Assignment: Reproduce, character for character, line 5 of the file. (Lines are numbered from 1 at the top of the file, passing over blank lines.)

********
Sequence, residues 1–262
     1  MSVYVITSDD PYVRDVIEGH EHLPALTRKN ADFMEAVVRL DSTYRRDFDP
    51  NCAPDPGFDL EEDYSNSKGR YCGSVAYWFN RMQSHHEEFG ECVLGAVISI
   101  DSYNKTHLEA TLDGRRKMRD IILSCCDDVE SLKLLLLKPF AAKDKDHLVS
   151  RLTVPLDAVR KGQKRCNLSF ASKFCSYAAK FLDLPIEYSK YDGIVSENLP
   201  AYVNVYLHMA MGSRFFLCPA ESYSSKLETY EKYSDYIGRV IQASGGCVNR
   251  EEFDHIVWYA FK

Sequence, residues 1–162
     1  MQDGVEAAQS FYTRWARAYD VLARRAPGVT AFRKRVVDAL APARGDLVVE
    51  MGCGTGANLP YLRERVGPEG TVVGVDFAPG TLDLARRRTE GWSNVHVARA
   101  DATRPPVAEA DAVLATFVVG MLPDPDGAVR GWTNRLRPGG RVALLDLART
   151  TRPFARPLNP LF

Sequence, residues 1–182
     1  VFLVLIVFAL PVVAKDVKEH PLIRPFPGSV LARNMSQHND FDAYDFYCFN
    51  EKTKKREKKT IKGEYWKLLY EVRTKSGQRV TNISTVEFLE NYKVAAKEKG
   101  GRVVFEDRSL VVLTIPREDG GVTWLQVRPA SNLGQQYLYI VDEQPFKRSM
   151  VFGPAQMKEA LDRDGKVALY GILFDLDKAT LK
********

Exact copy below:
   151  RLTVPLDAVR KGQKRCNLSF ASKFCSYAAK FLDLPIEYSK YDGIVSENLP